The discovery of the identity of Delfin Lee’s mistress and his penchant for luxurious rides did him in. The fugitive real-estate magnate had been going around the metropolis in style despite the order for his arrest issued by the Pampanga Regional Trial Court, according to a police official directly involved in tracking down Lee. Hunted since May 2012, the owner of GlobeAsiatique Realty Holdings Corp. was arrested at a ritzy hotel casino in Ermita, Manila, on Thursday night. His biggest mistake? The high-end vehicles he was using were all registered under the name of his 41-year-old live-in partner with whom he has three children, the source said. “We really started from scratch in our task to locate and arrest him,” said the police official, who agreed to talk with the Inquirer on condition of anonymity for lack of authority to speak on the matter. Big break: “We got a big break when we were able to determine the identity of Mr. Lee’s live-in partner sometime in December,” he said. “From there, we searched where the woman was staying and what vehicles she was using. We found out from the records of the LTO (Land Transportation Office) that she actually owned several high-end vehicles,” the official said. Agents of Task Force Tugis, a crack team of police investigators created by Philippine National Police (PNP) Director General Alan Purisima, accomplished what other law enforcement units had failed to do even after President Benigno Aquino III offered a P2-million reward for Lee’s arrest. “His arrest was the result of months of careful investigative research and intelligence gathering. We used several informants to find Mr. Lee,” the source said.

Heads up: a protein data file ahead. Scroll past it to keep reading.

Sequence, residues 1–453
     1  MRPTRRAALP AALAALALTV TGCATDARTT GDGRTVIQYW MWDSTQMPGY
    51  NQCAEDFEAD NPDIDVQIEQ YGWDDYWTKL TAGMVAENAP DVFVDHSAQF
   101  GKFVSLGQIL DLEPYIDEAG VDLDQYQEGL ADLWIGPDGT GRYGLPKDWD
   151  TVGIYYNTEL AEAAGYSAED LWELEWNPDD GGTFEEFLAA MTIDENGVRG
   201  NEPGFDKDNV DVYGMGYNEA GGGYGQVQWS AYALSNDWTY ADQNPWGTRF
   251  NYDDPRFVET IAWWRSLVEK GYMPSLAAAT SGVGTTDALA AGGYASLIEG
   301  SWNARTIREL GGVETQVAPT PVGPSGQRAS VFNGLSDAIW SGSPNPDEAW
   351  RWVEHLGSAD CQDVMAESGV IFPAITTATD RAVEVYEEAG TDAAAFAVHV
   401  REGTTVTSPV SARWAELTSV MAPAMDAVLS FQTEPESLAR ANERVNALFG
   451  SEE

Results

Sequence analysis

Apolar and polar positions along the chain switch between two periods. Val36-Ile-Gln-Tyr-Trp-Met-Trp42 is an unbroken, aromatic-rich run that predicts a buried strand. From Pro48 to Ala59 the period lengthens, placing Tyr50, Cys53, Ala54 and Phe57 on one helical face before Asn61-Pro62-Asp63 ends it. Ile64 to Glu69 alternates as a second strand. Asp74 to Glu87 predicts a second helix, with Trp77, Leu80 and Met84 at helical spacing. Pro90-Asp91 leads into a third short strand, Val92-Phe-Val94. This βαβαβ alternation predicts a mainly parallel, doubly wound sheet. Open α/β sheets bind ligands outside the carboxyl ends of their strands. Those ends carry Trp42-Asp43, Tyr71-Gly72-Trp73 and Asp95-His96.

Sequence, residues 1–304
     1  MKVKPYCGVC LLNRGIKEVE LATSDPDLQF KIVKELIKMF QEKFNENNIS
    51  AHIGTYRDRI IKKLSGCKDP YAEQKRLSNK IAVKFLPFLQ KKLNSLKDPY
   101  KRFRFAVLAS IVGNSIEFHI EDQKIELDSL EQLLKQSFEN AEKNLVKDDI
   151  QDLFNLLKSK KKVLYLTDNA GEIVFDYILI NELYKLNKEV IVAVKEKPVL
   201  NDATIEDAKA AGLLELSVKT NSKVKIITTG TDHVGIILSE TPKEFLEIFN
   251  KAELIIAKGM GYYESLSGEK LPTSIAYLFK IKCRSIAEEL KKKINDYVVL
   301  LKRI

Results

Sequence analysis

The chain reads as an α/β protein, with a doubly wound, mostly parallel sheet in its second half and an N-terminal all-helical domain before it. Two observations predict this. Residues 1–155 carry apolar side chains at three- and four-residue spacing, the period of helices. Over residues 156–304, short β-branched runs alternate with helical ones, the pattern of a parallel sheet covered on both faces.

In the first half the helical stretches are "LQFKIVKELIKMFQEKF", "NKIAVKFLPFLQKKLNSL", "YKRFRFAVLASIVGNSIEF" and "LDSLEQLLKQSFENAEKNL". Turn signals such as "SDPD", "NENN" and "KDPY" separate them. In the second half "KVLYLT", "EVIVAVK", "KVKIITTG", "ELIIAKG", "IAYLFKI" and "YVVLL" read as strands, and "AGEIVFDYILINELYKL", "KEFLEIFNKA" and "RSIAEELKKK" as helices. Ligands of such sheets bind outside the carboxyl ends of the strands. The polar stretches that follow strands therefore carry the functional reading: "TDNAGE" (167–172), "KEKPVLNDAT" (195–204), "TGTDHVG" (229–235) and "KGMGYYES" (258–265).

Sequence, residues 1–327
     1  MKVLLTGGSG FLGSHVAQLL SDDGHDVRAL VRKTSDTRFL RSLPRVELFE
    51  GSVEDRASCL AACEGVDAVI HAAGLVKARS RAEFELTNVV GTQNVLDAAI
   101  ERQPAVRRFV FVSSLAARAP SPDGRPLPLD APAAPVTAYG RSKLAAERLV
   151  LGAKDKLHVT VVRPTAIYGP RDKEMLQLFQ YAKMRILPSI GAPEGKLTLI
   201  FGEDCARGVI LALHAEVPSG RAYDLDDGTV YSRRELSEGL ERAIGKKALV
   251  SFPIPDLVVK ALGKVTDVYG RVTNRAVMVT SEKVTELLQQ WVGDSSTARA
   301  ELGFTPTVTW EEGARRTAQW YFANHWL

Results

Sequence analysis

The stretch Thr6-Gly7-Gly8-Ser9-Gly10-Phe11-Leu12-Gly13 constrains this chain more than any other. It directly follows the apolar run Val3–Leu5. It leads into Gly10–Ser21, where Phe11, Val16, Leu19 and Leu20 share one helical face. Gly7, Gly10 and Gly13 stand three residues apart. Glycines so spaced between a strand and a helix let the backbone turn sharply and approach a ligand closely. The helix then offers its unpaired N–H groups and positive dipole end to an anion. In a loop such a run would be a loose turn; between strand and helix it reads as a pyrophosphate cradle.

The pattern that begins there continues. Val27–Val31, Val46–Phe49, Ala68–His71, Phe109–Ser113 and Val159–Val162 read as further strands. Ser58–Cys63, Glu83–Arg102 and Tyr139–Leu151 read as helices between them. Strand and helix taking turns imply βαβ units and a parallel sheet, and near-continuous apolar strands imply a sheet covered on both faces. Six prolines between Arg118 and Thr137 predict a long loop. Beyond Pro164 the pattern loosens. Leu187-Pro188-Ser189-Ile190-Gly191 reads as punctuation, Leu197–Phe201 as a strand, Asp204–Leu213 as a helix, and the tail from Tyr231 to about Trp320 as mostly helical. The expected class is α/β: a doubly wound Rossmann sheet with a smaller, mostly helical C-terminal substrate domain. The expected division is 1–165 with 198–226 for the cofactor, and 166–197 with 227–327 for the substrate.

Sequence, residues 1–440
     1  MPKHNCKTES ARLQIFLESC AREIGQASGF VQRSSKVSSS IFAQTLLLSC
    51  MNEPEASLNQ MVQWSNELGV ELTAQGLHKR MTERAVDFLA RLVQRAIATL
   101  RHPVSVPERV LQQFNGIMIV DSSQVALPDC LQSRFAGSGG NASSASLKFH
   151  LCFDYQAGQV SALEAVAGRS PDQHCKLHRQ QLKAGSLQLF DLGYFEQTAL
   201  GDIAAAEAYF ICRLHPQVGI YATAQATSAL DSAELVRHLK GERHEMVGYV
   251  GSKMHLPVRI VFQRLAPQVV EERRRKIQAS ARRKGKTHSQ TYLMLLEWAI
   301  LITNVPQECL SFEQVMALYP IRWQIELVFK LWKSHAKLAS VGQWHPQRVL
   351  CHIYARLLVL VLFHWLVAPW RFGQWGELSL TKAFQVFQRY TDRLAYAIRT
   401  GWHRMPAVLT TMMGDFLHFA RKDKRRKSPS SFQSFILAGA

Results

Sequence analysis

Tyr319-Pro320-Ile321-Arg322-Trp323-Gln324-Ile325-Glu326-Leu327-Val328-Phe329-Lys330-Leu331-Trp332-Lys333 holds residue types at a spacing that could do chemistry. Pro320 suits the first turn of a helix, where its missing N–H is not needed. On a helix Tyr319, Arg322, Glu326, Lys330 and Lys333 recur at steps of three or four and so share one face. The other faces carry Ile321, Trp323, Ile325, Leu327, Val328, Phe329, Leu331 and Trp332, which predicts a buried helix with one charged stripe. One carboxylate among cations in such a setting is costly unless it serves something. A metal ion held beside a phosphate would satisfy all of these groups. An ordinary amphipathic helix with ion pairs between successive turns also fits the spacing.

ALSO: Delfin Lee: Who betrayed me?